- The Washington Times - Monday, April 15, 2013

President Obama denounced the explosions at the finish line of the Boston Marathon and vowed to find out who is responsible and bring them to justice.

“We still do not know who did this and why,” he said in a prime-time statement from the White House Brady Press Briefing Room on Monday evening. “But make no mistake, we will get to the bottom of this. We will find out who did this; we’ll find out why they did this.”

Any individuals or groups responsible for the “senseless” bombing, will “feel the full weight of justice,” he added.

Mr. Obama did not say whether the two explosions that abruptly ended the marathon and killed at least two people are terrorism-related, but Washington, D.C., and New York City were on high alert in the wake of the dual deadly bombs.

Security outside the White House was stepped up.

Secret Service personnel pushed members of the public across the street from the White House into Lafayette Park, and shut down Pennsylvania Avenue during the peak of spring tourism season.

SEE ALSO: Study: Americans fear terrorism attacks more than violent crime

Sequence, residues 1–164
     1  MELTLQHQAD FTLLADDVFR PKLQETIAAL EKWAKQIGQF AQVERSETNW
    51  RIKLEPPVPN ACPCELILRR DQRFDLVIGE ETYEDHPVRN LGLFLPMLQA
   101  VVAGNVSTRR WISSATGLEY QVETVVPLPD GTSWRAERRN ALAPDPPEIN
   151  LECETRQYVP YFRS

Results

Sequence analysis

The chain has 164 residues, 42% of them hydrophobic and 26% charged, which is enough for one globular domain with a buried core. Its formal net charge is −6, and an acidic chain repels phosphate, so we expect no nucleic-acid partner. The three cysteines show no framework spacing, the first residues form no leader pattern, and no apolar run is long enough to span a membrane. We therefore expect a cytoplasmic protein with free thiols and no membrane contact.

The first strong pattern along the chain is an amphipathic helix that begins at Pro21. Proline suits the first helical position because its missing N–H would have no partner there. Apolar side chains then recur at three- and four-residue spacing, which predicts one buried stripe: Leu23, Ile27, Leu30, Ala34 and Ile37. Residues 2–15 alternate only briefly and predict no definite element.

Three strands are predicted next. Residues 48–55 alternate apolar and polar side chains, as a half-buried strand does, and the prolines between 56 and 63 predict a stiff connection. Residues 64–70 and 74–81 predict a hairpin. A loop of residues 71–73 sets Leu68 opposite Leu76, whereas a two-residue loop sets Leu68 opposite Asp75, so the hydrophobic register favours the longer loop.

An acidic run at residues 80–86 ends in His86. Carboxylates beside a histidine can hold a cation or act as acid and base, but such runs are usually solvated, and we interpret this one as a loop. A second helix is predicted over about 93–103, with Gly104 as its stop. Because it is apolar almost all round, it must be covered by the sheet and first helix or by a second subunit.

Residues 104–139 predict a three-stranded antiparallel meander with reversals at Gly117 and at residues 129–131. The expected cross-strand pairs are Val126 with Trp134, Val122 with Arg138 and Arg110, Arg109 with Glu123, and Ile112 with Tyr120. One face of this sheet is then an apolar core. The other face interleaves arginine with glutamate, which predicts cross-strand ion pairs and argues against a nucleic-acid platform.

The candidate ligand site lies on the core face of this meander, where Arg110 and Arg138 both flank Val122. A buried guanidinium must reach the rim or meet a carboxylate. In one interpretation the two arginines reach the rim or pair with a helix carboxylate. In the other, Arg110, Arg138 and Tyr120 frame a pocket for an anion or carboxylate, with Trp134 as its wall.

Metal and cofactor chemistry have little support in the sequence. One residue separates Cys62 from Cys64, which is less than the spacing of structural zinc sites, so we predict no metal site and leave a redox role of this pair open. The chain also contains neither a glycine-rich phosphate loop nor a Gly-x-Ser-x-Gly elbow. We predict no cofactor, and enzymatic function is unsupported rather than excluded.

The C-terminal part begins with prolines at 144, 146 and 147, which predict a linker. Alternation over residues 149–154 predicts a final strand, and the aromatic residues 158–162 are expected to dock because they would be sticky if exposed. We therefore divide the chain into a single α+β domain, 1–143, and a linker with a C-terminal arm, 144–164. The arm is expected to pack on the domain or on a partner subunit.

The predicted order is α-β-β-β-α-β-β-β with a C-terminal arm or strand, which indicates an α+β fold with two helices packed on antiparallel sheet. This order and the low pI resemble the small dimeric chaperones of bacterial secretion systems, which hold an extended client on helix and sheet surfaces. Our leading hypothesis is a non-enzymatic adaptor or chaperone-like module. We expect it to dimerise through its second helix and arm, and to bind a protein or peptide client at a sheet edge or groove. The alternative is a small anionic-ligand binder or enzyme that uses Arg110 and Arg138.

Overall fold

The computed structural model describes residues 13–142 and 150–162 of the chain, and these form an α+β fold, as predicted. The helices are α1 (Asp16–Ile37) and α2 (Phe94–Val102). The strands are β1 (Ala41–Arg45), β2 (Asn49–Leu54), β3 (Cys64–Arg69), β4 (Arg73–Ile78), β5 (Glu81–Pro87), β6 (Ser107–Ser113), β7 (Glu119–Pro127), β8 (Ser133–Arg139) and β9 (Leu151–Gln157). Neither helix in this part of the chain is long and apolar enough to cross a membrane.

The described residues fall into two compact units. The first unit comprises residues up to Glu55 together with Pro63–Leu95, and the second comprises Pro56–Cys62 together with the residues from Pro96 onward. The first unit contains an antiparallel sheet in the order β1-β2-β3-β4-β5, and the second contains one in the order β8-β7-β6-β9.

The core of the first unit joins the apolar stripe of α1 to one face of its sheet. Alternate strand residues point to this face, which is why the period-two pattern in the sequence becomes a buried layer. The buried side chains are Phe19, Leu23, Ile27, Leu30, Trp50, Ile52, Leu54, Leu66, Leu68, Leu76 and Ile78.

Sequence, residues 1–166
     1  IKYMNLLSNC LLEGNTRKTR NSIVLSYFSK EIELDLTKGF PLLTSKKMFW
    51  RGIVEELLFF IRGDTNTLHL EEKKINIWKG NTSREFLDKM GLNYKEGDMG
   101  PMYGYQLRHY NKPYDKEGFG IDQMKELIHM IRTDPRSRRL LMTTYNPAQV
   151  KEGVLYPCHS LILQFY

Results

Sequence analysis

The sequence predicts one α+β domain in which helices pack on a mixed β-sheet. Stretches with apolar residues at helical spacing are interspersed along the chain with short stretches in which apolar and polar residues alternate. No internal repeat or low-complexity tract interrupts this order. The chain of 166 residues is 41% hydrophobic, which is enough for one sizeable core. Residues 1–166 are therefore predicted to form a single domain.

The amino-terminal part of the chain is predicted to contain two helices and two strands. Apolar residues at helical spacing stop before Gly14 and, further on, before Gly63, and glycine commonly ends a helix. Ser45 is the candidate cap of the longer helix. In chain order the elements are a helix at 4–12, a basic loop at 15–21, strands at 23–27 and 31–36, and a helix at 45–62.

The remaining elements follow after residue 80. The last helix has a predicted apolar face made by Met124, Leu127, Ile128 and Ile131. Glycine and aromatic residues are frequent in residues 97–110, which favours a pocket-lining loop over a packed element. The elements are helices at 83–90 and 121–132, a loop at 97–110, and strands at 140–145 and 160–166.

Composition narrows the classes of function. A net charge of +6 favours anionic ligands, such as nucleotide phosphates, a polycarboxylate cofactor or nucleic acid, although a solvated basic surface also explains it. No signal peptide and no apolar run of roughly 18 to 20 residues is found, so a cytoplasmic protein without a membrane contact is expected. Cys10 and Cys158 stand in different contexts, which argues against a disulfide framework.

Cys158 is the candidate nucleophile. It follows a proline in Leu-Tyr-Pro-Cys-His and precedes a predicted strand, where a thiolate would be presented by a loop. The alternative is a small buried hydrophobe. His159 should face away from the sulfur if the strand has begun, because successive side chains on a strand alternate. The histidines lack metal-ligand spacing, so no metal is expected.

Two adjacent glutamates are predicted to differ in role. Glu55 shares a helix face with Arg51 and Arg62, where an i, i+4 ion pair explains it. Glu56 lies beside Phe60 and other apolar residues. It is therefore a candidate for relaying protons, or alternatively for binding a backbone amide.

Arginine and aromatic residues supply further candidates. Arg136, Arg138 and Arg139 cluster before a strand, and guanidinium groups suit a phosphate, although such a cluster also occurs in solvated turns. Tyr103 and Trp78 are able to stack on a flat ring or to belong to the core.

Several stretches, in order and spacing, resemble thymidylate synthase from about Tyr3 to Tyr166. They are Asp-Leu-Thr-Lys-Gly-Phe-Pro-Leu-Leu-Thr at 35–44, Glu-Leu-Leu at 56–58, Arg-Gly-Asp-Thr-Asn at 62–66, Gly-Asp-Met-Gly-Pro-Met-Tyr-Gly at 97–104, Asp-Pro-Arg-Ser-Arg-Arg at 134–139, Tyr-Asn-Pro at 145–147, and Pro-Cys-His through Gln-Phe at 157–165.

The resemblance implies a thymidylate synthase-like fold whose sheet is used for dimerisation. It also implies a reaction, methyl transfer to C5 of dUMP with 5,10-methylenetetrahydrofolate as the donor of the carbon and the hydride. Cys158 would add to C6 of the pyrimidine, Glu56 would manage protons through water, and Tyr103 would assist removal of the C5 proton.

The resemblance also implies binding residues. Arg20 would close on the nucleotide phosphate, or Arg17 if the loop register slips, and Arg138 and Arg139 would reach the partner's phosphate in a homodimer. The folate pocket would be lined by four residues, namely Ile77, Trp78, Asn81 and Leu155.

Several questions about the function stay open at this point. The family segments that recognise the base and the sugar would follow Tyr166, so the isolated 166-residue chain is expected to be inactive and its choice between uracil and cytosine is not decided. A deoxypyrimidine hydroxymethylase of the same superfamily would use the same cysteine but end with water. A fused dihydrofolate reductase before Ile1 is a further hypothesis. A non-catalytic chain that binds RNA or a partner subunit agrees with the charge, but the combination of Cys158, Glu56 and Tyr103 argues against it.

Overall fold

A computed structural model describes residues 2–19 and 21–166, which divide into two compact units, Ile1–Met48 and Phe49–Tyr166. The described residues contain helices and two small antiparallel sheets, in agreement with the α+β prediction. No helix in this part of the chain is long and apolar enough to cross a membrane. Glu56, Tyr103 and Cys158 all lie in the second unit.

Earlier Monday a White House official said FBI Director Robert S. Mueller III and Department of Homeland Security Secretary Janet A. Napolitano briefed Mr. Obama on the investigation and response to the explosions, including ongoing coordination between federal agencies and state and local officials.

Mr. Obama directed his administration to provide “the full resources” of the federal government to aid in the investigation and response.

“The American people will say a prayer for Boston tonight,” he said.

Earlier Monday, Vice President Joseph R. Biden also offered prayers, acknowledging the explosions during a conference call with reporters on gun control. “Our prayers are with those people in Boston who have suffered injuries. I don’t know how many there are,” he said.

Nearly 500,000 tourists were in Boston for the annual marathon.

The Senate observed a moment of silence for the victims just before an evening vote, and Speaker John A. Boehner was scheduled to lead a moment of silence during a scheduled House vote later Monday.

“Words cannot begin to express our sorrow for the families who are grieving so suddenly right now,” Mr. Boehner, Ohio Republican, said in a statement that also thanked law enforcement, other professionals and “good Samaritans” who prevented further loss of life.

“This is a terrible day for all Americans, but we will carry on in the American spirit, and come together with grace and strength,” he said.

Stephen Dinan and Dave Boyer contributed to this report.




Click to Read More

Click to Hide